• Out and About

Glen Brook Dam Trail - John Forrest National Park

Updated: Sep 17, 2020


It was a sunny winter's day after a wet week so we headed to John Forrest National Park to get out into some fresh air, sunshine and nature. On entering the National Park you will need to stop at the station to pay your $15 per car entry fee. Sometimes a ranger will be at the booth but if it is not manned the machine will accept credit cards only. If you have already got a National Parks Pass you can drive straight through but remember to display your pass.

There was plenty of parking available even though some of the car parks were undergoing redevelopment. There are also plenty of barbecues and picnic benches scattered around. Some are out in the open, others are tucked away into cosy corners. There are also some gazebo shelters. A public toilet is located opposite the Rangers Office. The Rangers Office is no longer manned but is worth a stop to pick up a trail map. There is also a large trail map of the park near the top picnic area by the brook.

The Glen Brook Trail is a 2.2km loop and is best taken in an anti-clockwise direction. There are some steps, narrow trails and slippery surfaces. There are a couple of entrance points near the toilet block.

The first part of the trail is a metre wide compacted path but there are stairs and some inclines to negotiate. You follow along the trickling brook for the first 10 minutes or so and there are plenty of inviting spaces for the kids to explore along the brook including little stone bridges, fairy houses, logs, rocks, reeds and mud! There are a few benches along the way so you can stop and watch the kids as they explore!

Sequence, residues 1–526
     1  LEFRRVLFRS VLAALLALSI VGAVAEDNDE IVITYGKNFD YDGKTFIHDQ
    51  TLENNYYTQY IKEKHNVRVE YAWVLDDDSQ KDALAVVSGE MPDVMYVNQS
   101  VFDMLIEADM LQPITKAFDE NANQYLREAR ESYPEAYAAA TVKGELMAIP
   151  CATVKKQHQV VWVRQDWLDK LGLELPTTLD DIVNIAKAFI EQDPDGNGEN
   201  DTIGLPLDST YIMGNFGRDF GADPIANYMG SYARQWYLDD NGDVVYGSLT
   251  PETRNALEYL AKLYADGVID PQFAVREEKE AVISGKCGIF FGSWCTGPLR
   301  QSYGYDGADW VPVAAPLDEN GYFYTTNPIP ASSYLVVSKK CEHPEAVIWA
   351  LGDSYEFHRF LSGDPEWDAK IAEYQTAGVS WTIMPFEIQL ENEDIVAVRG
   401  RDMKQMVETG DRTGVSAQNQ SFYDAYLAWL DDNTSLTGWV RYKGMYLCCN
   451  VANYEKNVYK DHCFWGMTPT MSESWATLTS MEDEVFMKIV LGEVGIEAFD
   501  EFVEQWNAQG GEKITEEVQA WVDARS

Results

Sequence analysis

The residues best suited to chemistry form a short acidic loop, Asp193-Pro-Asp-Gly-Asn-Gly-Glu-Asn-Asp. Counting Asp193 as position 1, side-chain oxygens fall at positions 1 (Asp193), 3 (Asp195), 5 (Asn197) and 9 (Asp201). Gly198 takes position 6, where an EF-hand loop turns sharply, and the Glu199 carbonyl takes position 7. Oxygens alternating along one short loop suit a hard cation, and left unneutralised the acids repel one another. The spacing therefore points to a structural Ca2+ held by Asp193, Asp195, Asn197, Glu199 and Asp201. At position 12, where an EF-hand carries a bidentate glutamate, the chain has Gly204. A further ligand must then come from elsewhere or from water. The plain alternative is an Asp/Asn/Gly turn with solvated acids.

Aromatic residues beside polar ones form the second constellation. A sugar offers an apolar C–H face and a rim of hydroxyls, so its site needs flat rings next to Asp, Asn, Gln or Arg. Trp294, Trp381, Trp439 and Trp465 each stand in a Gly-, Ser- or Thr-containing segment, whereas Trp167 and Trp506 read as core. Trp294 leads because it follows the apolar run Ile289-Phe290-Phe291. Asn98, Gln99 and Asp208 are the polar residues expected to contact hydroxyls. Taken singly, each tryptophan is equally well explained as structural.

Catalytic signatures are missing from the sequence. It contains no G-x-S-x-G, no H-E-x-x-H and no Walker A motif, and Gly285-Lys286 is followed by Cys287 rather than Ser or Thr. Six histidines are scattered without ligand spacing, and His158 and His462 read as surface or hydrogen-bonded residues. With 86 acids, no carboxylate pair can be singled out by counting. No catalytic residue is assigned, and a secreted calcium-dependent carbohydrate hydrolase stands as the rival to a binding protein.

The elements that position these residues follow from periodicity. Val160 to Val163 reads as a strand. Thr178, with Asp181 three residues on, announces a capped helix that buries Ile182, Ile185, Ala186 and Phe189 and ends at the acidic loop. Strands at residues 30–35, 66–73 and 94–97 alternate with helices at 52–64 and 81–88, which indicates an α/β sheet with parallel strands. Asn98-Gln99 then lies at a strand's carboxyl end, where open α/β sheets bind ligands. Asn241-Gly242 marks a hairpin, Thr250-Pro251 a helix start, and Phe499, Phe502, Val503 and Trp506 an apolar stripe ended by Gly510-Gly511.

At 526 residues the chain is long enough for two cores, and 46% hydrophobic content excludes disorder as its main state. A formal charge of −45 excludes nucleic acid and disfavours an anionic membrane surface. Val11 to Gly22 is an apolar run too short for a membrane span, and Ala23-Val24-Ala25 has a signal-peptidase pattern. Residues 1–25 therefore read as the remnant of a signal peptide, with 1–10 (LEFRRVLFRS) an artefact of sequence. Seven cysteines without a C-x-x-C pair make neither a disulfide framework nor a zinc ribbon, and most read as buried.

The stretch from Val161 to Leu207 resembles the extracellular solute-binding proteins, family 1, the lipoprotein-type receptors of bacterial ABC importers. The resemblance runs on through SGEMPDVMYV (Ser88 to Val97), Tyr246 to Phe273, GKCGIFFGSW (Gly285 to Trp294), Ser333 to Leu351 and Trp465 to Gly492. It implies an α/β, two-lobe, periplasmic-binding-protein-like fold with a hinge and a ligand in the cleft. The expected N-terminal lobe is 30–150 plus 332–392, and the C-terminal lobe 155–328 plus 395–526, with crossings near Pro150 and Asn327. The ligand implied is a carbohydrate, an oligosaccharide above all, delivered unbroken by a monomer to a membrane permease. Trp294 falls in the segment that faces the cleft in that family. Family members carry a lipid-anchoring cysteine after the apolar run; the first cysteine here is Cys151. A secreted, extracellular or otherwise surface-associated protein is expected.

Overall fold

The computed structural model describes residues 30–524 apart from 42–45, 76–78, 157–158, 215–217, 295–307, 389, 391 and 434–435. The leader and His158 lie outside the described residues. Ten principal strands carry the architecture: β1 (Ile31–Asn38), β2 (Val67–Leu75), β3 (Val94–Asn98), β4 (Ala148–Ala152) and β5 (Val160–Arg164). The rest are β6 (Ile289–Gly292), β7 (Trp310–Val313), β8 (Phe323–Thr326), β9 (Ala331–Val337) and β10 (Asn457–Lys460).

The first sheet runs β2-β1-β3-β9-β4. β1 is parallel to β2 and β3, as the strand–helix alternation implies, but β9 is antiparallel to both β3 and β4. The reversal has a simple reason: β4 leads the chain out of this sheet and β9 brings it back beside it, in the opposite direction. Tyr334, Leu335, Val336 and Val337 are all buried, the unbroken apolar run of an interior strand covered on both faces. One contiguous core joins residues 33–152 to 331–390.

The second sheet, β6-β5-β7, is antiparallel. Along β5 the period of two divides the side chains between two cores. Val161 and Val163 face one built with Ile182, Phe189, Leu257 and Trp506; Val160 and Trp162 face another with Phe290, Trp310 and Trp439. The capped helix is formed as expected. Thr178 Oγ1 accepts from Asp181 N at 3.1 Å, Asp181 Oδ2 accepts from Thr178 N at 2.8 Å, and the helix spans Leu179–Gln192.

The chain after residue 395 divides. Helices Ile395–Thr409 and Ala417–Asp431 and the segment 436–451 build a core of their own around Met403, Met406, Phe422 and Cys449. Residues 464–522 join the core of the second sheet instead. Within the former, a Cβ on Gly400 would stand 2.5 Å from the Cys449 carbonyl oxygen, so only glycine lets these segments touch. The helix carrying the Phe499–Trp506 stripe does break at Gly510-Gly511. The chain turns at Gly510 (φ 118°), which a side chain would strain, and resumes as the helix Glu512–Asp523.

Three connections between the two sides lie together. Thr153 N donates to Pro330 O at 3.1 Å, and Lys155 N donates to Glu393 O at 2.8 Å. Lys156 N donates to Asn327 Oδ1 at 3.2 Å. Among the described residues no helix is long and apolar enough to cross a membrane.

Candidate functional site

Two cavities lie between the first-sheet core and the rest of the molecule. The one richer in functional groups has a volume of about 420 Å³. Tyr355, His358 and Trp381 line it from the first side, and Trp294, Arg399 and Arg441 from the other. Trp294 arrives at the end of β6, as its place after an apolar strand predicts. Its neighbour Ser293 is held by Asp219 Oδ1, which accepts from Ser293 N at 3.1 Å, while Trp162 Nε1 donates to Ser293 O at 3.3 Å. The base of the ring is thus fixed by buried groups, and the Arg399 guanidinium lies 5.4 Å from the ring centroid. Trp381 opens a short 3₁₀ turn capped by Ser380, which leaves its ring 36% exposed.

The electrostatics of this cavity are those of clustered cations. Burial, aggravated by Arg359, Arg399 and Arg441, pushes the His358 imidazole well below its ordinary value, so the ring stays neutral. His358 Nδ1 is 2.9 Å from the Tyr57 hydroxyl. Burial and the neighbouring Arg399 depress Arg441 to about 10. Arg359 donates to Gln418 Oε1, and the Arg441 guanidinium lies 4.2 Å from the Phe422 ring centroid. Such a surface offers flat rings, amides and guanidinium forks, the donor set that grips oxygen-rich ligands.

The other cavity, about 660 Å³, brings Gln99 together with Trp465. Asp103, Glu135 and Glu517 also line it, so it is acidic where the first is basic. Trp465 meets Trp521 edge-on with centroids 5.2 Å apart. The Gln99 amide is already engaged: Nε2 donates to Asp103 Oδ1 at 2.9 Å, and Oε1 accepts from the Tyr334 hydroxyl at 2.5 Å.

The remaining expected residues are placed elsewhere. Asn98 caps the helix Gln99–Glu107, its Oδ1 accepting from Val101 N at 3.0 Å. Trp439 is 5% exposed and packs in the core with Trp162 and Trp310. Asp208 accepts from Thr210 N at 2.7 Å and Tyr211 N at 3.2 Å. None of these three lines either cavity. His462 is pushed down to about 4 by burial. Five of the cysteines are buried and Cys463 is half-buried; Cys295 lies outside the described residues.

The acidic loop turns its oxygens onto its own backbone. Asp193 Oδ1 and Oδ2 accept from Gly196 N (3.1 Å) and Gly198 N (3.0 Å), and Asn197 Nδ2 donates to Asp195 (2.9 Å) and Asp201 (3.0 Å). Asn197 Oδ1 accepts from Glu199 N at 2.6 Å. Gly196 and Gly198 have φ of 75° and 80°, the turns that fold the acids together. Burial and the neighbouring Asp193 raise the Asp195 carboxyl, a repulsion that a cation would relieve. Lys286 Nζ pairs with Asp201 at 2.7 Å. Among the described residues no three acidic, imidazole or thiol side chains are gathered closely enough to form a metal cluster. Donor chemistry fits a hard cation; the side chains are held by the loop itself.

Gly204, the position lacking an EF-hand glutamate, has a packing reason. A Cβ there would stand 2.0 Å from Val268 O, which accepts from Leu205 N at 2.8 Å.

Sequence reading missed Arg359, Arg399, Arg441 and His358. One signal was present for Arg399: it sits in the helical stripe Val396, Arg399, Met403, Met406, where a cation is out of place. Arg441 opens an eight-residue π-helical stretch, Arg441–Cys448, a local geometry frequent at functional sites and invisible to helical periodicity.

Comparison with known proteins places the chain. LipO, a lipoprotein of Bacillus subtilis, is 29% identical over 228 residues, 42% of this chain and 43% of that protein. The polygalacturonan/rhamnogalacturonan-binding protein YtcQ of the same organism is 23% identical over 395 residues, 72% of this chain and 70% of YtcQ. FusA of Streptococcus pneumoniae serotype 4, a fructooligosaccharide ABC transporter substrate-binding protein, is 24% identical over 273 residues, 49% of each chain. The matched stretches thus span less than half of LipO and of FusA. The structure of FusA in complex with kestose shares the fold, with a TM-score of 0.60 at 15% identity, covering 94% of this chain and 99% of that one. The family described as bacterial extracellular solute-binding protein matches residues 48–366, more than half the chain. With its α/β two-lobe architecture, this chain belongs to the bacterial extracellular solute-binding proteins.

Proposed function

After a little while the trail narrows and starts to climb through the beautiful bush. You can hear plenty of birds but they are very difficult to spot. After a while you come out at the dam with it's sparkling clear water. This is a no swimming zone. The path then becomes narrower as you circumnavigate the dam. In some places you can access the sandy shoreline of the dam and peer into the clear waters. In others the path diverts into the forest providing tantalizing glimpses of the dam through the trees. At the top end of the dam you cross over a wooden bridge and climb up the other side. When we walked past there were some red tailed black cockatoos feeding in the trees It was a bit of a risk getting through the drop zone as the birds cause a surprisingly constant deluge of gumnuts to drop down from above.


Some of the plants were just starting to show flower buds so in Spring this would be an amazing wildflower walk. We must have been the first walkers through that morning as we had to do the cobweb commando in a few places as the sunlight glinted off the spider webs strung across the path between the bushes.

When you come back to the road across the dam the path continues past a big rock - a perfect place to stop for a snack and a drink - before continuing through the forest and back to the car park area. The walk at a gentle pace with a few stops took about 40 minutes.

As the trail circles the dam this is a great trail to tackle on your own as there is no danger of getting lost as the trail is well marked, the dam provides a constant reference and the road runs close by as well.


The trail is narrow and not suited to prams or bikes but is an ideal adventure for the kids, especially if you let them explore the rocks and logs on the lower section below the dam. There is a small nature playground in the main picnic area and you can also walk Jane Brook Promenade or the Railway Reserve Heritage Trail to Swan View Tunnel. The Railway Reserve Heritage Trail is great for prams or bikes and will take you to National Falls in one direction or Hovea Falls in the other direction. The falls can also be accessed on bush trails.


If you have older kids and you enjoy this trail try the 11km Christmas Tree Creek Trail which is amazing in spring when the wildflowers are in bloom.



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